The Great Macro Divergence
Ten years ago, nearly all advanced economies fell off the cliff simultaneously. Nowadays, they are neither structurally nor cyclically aligned, and they are unevenly vulnerable to recession, which makes international policy coordination both more necessary and more difficult.
PARIS – “The global expansion has peaked,” the OECD warns in its latest economic outlook, and performance could be weaker if downside risks materialize. The party is not over yet: global growth is expected to continue in 2019 and 2020, though at a slower pace. But forecasters are notoriously bad at spotting macroeconomic turning points, and the road ahead is hard to read.
Potential obstacles abound: more aggressive monetary tightening, especially in the United States; a further escalation of protectionism; a harder-than-expected economic landing in China; and a return of tensions in the eurozone, triggered by concerns over the fate of Italian finances. All or any could intensify a slowdown that has started already.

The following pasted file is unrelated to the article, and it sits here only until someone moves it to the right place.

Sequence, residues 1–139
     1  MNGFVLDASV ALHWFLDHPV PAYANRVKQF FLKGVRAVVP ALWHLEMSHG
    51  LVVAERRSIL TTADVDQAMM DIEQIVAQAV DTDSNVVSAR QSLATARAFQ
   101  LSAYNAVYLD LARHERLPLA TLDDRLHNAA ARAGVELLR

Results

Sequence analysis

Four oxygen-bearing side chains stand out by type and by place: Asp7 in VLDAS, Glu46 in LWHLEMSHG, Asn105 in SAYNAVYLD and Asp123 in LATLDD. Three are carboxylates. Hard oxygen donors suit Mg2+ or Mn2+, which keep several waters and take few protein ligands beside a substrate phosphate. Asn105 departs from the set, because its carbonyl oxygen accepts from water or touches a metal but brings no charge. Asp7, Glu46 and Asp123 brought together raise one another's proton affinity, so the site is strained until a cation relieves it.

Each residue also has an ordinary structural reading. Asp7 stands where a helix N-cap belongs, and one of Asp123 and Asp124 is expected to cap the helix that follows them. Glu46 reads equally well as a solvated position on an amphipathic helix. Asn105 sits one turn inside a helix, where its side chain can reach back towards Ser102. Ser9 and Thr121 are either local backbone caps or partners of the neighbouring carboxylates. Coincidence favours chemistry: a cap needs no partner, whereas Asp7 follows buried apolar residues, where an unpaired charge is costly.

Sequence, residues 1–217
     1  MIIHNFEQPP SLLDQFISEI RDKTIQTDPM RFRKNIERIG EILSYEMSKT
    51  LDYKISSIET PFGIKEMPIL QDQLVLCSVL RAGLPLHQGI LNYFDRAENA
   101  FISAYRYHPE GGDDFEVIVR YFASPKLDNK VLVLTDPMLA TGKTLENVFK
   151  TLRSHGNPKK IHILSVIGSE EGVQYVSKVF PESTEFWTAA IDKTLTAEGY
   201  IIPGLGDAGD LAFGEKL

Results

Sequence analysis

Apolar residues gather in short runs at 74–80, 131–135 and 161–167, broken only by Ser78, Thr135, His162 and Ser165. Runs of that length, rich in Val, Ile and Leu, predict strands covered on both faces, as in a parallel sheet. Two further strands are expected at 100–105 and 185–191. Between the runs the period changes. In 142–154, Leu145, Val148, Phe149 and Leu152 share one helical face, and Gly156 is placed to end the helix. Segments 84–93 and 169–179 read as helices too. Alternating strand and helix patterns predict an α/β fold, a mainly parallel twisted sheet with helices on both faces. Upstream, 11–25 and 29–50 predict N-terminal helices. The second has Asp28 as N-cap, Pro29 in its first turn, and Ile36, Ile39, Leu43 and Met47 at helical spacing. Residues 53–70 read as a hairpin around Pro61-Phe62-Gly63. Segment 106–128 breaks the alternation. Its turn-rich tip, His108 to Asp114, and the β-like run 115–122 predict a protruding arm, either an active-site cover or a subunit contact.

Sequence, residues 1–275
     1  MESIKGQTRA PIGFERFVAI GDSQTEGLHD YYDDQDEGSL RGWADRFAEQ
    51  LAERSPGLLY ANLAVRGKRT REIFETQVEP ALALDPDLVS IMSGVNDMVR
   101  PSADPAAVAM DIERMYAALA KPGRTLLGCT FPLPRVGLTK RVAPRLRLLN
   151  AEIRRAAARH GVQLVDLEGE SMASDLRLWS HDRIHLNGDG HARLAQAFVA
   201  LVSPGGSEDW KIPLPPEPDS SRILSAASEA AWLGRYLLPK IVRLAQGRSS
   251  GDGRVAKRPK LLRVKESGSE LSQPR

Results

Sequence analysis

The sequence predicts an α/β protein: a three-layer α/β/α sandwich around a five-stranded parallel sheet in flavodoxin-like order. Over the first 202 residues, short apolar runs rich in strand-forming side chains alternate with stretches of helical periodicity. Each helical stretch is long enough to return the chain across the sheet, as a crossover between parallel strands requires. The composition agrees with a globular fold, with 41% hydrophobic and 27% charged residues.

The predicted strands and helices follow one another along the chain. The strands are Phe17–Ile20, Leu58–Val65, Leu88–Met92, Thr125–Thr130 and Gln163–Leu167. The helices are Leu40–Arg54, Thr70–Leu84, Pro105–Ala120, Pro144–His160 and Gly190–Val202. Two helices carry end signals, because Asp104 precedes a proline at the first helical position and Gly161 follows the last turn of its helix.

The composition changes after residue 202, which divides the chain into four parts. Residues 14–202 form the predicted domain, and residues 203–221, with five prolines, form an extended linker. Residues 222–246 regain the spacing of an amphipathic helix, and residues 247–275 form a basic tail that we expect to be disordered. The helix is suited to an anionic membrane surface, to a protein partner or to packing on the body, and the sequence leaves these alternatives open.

A US recession would frustrate President Donald Trump as he seeks re-election in 2020, but it would not be at odds with established patterns. The expansion officially started in June 2009, and by July 2019 it will be the longest in US economic history. Unemployment is at its lowest level since the 1960s.